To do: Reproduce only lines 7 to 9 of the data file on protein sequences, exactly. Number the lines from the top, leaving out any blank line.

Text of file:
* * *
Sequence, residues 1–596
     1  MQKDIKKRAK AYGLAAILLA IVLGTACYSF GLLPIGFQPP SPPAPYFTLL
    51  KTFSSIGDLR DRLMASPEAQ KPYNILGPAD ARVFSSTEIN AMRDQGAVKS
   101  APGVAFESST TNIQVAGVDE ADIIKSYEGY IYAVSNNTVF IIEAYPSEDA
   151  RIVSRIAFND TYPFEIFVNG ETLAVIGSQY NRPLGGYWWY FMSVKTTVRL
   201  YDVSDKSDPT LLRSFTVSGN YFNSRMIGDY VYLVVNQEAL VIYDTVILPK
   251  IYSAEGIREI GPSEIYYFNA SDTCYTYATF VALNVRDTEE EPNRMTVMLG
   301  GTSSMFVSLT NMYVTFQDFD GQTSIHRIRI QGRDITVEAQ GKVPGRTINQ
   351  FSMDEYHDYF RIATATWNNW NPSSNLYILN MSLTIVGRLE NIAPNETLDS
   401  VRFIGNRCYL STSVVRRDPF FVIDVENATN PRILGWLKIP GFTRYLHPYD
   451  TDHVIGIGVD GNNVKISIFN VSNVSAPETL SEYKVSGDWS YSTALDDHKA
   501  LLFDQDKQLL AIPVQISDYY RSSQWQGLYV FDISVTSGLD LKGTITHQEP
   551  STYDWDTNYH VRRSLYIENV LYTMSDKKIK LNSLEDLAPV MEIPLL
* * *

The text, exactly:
   251  IYSAEGIREI GPSEIYYFNA SDTCYTYATF VALNVRDTEE EPNRMTVMLG
   301  GTSSMFVSLT NMYVTFQDFD GQTSIHRIRI QGRDITVEAQ GKVPGRTINQ
   351  FSMDEYHDYF RIATATWNNW NPSSNLYILN MSLTIVGRLE NIAPNETLDS